It might help if you tell us "which" Ten-Tec balun you mean.
I will assume you are speaking of the Model 238-x range of matchboxes.
They all have a 4:1 Voltage balun which is more or less worthless for that
REASON: The voltage balun has very little common mode impedance. It's
basically just a transformer.
Unfortunately in that respect (balun), TT just copied all the rest of the
matchboxes that were on the market at the time and got it all wrong.
Even Ten-Tec made a mistake or two in their long successful history.
It is by far better to mount the balun external to the matchbox, unless you
have one with a huge case where you can mount the balun with a few inches space
between it and the cabinet or components (in all directions). This is never
the case in modern matchboxes.
The problem is, just as stray capacitance to ground degrades the common mode
impedance of a symmetric ATU, it does also for a current balun. A common
construction technique is to clamp a toroidal current balun against (or close
to) a conductive panel. This is counterproductive and degrades the performance
of the balun. Unfortunately this is what most matchbox OEMs do anyway because
they don't have enough space within the cabinet to mount it properly.
ACCORDING TO OWEN DUFFY, VK1OD:
"An unbalanced T match followed by a 1:1 Guanella (current) balun in an
external non-conductive enclosure and having high choking impedance, very short
coax connection to the ATU, and high voltage withstand is capable of excellent
performance in a ‘balanced ATU’ role for general purpose HF application."
(Source: http://owenduffy.net/blog/?p=4578 - last bullet in his Conclusion)
THEREFORE: The best thing to do with that balun is carefully remove it and
store it away.
There might be rare cases where you can use it (external to the case).
What you need is a 1:1 Guanella balun which is simply a specific number of coax
wrapped around a specific ferrite core.
Homebrew this yourself; it does not even have to be in an enclosure since it is
If you're not going to work 160 meters, use FT-240-43 for the core.
They cost less than $10 apiece.
Use one core per 500w of power you want to run.
Wrap 17 turns of RG-58 around the core (or stack of cores).
(For more than 500w, use RG-142 instead of RG-58).
You will need about 5 ft. of coax for the job.
Before you begin, solder a PL-259 onto one end of the coax.
You should head the instructions from K3LR and W3LPL in their presentation on
antennas for contests (@ Contest University) and ALWAYS solder the shield of
the coax to the barrel. Then wrap the core.
Leave about 6 to 10 inches of coax stub sticking out from the core.
Use small wire-ties to secure the coax to the core before beginning to wind.
Simply wrap in one direction, trying to get as many turns onto the core as
You usually end up with 18 turns.
Secure this end with wire-ties too.
This end goes to the antenna. INSTEAD of soldering a PL-259 to it, solder a
pair of banana jacks or whatever means of connection you wish to use for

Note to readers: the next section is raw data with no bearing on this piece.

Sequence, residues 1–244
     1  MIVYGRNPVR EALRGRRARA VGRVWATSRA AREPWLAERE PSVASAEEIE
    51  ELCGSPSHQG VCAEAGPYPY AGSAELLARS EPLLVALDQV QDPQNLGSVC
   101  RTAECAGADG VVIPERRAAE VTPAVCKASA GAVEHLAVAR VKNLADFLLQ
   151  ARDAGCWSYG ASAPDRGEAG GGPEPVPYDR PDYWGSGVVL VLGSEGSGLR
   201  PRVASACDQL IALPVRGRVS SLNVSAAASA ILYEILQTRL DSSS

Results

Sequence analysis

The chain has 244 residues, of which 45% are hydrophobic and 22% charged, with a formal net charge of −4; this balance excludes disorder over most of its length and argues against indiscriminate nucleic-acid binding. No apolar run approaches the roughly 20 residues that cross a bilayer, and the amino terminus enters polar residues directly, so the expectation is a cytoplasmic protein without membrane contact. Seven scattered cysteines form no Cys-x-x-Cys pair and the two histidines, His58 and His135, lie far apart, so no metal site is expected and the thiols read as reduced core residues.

connecting the balanced-line feedline to the balun.
Wrap as described above but use the W1JR (Reisert) method of "cross-winding"
Electrically both ways are the same, but with this method, the two ends of the
coax exit the core on opposite sides, rather than next to each other.
This is usually a more convenient mechanical solution.
For more info on how to do this, see:
The Reisert method of cross-winding is described with a picture at the very
bottom of that page.
If you are not yet convinced that the above is correct, then read information
on all 6 of the links at the bottom of this page:
(Link Soruces: G3TXQ, K9YC, VK1OD, W8JI and of course DJ0IP)
In Jim's (K9YC) excellent document, "RF-HAM", he states that you should use a
stack of 5 cores for full legal power.
Ignore that statement here.
Perhaps when running 1500w RTTY for long periods of time that is necessary but
in this case, you will blow the caps in the 238-x LONG BEFORE destroying the
stack of 3 cores!
Most of us only run CW and SSB and less than full legal power so 3 cores is
I suppose the biggest challenge for most of you guys will be finding the RG-142
and the FT-240-43 (or FT-240-31 for 160m).
One of the OM in our OCFD/Windom group has created a list with US-sources and
RG-142 is available from many sources, including Scott, W4PA (Vibroplex).
(Nr. Frankfurt, Germany)
From: TenTec [mailto:firstname.lastname@example.org] On Behalf Of Bob Good
Sent: 28 December 2017 03:11
Subject: [TenTec] 238 "Tuner" Balun
The Ten Tec manual has virtually nothing to describe the internal balun
supplied with the unit. I do not know how to physically look to tell its
design. Is it a 1 to 1 or a 4 to 1; Current or Voltage design? Okay, if it
is 4:1 or voltage design, please comment on the proper design in schematic
form or picture; what ever it takes for me to wind a current design, 1 to 1
balun. Can the toroid be reused? I use it on a ladder line, center fed 135
ft. dipole up 60 ft. Other antennas are coax fed. Thanks to all who would
like to help this analog old timer. Happy New Year and ‘73. Bob K4BG. (Good
on QRZ) _______________________________________________
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